Emerging market stocks hit their lowest in nearly two months on Monday, while soaring Turkish inflation, political turmoil in Argentina and growing recession worries hurt currencies already under pressure from a strong dollar. The MSCI EM equities index fell to its lowest since May 12 before paring some losses. Shanghai stocks outperformed on news that China and Hong Kong will launch a new “Swap Connect” scheme, allowing mutual access to interest rate swaps trading to promote financial derivatives markets.
Bourses in Poland, the Czech Republic, Taiwan, and South Korea fell between 0.2% and 0.8% in a trading session hit by a U.S. holiday. Among currencies, the Turkish lira weakened to trade at 16.82 per dollar after data showed the country’s annual inflation rate hit a higher-than-forecast 78.62% in June, driven by the impact of the Ukraine war, soaring commodity prices, and a slide in the lira.
“It’s very hard to see any light at the end of the tunnel for the Turkish lira,” said Witold Bahrke, senior macro strategist at Nordea Management. “In an environment where the global liquidity wave is turning, it is rarely a favorable environment for a currency where you have this very shaky and non-credible policy mix.”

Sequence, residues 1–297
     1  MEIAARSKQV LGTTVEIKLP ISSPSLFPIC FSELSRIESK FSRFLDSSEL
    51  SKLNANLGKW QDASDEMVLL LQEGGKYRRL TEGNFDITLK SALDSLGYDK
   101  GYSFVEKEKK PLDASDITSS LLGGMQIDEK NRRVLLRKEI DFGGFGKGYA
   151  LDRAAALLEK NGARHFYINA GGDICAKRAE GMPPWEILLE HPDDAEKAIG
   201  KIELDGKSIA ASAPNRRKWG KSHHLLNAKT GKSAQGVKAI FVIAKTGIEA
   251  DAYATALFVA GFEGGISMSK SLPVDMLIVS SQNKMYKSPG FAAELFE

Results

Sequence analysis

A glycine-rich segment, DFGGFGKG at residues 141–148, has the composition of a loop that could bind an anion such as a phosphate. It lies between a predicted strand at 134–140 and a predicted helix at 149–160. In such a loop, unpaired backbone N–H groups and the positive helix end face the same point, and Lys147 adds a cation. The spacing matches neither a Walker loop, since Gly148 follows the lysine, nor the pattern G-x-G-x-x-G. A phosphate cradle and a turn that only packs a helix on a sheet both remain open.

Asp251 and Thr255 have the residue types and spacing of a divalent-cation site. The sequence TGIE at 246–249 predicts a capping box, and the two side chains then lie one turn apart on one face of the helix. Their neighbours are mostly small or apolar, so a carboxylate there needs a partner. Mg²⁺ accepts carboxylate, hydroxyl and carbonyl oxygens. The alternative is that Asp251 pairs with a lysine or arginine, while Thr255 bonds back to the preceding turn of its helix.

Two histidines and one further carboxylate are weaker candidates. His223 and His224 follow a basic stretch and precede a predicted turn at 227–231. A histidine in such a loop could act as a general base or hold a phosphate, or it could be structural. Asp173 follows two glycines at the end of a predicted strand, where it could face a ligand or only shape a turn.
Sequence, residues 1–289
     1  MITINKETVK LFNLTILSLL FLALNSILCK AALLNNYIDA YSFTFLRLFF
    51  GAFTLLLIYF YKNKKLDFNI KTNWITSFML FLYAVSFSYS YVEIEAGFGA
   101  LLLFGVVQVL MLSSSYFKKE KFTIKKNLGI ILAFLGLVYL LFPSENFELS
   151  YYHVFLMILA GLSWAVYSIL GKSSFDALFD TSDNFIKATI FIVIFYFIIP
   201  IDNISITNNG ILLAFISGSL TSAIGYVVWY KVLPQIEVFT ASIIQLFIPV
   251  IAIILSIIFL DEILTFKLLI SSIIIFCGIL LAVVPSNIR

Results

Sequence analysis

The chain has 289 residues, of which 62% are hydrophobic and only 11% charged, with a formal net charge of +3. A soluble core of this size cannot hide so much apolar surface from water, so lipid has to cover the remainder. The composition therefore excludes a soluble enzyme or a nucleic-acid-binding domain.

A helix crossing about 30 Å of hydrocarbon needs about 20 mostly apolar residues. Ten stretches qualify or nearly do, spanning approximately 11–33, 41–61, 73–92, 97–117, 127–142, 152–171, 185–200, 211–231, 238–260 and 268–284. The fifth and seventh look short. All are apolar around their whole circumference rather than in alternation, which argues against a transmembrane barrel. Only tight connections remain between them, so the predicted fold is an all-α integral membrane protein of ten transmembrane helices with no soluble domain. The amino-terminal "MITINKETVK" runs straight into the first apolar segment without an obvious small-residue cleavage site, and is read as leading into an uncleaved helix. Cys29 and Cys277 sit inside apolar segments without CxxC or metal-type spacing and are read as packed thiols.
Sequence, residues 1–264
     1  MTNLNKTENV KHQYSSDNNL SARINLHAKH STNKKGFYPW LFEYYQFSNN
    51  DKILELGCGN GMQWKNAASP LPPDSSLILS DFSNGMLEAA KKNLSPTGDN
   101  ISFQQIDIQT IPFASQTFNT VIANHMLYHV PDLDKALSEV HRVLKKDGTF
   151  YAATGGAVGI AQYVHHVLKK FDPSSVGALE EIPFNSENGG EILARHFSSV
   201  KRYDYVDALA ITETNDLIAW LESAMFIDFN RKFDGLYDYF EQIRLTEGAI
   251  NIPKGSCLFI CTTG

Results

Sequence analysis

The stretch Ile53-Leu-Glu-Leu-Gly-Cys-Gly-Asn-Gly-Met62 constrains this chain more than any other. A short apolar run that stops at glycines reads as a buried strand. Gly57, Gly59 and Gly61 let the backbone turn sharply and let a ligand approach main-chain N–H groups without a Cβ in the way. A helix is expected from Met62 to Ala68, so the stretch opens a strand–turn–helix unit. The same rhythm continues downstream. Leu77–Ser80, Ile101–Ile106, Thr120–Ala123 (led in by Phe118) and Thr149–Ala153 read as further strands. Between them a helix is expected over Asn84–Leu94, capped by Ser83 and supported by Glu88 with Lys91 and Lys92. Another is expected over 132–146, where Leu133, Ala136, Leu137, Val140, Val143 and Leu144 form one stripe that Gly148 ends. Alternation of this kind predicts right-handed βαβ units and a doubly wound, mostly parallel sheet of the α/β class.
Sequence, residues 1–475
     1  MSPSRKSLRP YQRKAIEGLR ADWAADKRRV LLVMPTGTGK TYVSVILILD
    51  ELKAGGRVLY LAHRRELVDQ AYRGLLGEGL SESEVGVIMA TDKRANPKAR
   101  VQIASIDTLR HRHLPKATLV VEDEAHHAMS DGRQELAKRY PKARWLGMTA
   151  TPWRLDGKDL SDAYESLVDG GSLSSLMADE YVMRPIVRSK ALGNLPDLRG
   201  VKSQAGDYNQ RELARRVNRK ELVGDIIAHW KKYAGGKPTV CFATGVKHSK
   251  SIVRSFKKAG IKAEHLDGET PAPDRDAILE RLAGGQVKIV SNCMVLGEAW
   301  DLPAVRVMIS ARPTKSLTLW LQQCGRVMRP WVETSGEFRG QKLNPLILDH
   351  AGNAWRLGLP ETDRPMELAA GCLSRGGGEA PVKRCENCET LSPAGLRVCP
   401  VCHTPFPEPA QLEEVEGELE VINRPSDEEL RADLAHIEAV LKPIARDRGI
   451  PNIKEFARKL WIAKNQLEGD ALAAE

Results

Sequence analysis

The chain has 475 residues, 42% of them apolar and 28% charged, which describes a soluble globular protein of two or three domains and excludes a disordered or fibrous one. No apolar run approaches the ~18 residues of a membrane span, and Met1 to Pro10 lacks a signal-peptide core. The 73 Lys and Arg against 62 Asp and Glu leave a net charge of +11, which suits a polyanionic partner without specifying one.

The lira has been among the worst-performing currencies this year, down 27.6%, hit by soaring inflation and easing of policy rates by the central bank sought by President Tayyip Erdogan to boost economic growth. Adding to the pressure, the dollar has strengthened this year on bets of aggressive U.S. interest rate hikes, and recently, as investors seek safety in the greenback amid worries about slowing global growth.
All eyes will be on Argentine assets when trading starts later following news that the country’s economy minister Martin Guzman, who led the country’s debt restructuring deal with the International Monetary Fund, resigned over the weekend. Argentine President Alberto Fernandez named economist and government official Silvina Batakis as the new economy minister late on Sunday.
“The departure of Minister Guzman could be seen as another political blow to President Alberto Fernandez (who is facing its lowest approval ratings since the 2019 election) and may compromise the relationship with the IMF,” Goldman Sachs’ chief Latin America economist Alberto Ramos wrote in a note. For GRAPHIC on emerging market FX performance in 2022, see For GRAPHIC on MSCI emerging index performance in 2022, see https://tmsnrt.rs/2OusNdX
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